The most original part of the book, and what I found the most interesting, was that these werewolves aren't like your normal werewolves that have the wolf inside them, no, these werewolves are more like selkies than anything else. The skin is separate from them and they have to protect it. I thought that this was clever and this is the first time I've come across something like this.

Other than that though, not too much else was original, but it was bearable. The other characters tried to become three dimensional, but it felt forced. Luke is too dominate a narrator so we only really get to know him and everyone else is how he sees them. Nothing wrong with this, it just wasn't as fleshed out as it could have been.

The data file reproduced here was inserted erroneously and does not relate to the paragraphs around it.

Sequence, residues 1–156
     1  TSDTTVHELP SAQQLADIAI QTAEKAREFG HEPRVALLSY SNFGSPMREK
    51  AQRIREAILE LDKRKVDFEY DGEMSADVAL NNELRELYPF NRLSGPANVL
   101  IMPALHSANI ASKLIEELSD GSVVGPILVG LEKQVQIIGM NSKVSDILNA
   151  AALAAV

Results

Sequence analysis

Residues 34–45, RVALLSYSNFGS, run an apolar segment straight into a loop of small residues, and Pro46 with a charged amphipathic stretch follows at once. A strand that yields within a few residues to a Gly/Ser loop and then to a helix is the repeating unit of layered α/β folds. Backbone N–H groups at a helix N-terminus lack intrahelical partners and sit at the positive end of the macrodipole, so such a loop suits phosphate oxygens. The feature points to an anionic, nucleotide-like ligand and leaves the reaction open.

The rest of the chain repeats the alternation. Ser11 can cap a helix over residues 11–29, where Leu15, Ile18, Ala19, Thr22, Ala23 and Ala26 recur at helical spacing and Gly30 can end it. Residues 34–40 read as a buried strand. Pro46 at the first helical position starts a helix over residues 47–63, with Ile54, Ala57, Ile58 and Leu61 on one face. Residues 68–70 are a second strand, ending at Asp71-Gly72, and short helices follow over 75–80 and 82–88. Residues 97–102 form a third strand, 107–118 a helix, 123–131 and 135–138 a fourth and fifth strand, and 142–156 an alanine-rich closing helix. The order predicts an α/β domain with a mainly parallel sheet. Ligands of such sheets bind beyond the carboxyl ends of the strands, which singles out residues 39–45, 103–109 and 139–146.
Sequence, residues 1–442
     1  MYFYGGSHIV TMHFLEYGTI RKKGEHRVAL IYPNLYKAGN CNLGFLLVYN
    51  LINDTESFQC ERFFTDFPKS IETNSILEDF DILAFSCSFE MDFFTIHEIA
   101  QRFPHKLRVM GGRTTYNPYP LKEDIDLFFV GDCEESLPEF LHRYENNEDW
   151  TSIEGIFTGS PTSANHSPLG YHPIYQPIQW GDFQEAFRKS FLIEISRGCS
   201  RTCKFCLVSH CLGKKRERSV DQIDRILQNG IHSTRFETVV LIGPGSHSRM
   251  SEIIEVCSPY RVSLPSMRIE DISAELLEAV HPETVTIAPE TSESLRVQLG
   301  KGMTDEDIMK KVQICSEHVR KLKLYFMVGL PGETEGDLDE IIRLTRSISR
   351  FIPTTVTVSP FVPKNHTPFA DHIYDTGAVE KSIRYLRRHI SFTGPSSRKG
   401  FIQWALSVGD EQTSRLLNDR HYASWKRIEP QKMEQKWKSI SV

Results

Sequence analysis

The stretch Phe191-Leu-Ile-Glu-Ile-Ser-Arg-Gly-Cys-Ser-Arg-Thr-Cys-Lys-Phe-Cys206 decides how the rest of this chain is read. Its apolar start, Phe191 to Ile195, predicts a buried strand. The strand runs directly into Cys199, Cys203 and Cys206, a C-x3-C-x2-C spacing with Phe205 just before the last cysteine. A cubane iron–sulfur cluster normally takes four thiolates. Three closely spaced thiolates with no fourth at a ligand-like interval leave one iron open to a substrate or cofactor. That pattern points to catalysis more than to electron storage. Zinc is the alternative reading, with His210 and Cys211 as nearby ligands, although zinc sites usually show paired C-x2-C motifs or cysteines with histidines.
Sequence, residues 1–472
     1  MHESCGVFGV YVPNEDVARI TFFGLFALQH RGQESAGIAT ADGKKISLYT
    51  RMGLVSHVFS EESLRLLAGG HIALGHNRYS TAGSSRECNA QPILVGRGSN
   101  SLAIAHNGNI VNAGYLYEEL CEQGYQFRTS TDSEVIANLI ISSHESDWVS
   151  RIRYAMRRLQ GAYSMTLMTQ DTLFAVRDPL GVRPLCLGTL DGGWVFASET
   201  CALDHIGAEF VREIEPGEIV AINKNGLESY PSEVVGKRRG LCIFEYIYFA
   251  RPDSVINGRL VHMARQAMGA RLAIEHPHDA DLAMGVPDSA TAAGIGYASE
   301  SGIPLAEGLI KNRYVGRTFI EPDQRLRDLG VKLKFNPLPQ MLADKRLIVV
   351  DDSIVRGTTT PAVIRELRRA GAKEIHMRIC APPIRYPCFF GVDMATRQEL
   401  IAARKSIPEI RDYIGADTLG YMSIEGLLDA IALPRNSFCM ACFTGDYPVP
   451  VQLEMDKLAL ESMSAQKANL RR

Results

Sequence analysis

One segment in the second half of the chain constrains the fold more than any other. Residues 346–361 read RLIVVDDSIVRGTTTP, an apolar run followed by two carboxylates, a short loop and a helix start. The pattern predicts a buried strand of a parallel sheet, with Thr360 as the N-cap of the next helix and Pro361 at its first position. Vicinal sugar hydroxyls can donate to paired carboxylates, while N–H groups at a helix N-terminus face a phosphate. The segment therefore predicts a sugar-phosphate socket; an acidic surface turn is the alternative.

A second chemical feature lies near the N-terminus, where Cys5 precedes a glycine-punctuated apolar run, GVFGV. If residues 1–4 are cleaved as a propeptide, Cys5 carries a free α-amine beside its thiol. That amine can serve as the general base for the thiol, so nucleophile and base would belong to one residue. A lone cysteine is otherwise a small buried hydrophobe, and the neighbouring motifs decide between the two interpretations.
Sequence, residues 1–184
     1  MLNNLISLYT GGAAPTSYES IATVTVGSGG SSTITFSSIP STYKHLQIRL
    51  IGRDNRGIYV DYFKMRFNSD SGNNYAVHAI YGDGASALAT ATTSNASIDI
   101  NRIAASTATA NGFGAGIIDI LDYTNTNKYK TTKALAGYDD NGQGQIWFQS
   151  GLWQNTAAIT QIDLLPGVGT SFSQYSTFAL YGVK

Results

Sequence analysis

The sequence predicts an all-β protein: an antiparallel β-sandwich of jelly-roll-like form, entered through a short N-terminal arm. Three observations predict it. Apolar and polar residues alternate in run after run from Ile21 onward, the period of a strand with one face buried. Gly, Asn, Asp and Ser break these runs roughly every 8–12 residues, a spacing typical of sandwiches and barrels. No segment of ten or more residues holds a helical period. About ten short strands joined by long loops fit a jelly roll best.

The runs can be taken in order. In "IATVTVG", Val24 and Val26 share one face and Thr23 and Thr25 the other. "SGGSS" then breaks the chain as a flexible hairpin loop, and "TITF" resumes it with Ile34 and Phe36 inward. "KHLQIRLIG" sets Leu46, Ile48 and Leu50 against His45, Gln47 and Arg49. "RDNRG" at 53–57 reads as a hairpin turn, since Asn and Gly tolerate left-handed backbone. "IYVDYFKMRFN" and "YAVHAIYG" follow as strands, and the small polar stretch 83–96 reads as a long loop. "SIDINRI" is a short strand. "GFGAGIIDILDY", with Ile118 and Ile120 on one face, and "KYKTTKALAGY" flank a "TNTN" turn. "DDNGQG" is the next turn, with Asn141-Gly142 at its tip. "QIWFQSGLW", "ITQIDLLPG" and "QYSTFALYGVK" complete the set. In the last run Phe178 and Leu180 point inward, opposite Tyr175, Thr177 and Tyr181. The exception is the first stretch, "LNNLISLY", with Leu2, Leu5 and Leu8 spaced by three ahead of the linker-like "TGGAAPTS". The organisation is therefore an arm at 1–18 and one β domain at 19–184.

Overall, an interesting read, different from your regular paranormal teenage werewolves. Also, I learned some Russian. That's always cool. (by the way, 'cool' in Russian is 'klassni'....just in case you wanted to impress someone).

Tuesday, November 8, 2011

Review: The Alloy of Law (Mistborn #4) by Brandon Sanderson

Overall Impression:

Source: Bought

Publication Date: TODAY (Nov. 8th, 2011)

Short Synopsis (Goodreads): Three hundred years after the events of the Mistborn trilogy, Scadrial is now on the verge of modernity, with railroads to supplement the canals, electric lighting in the streets and the homes of the wealthy, and the first steel-framed skyscrapers racing for the clouds.

Kelsier, Vin, Elend, Sazed, Spook, and the rest are now part of history—or religion. Yet even as science and technology are reaching new heights, the old magics of Allomancy and Feruchemy continue to play a role in this reborn world. Out in the frontier lands known as the Roughs, they are crucial tools for the brave men and women attempting to establish order and justice.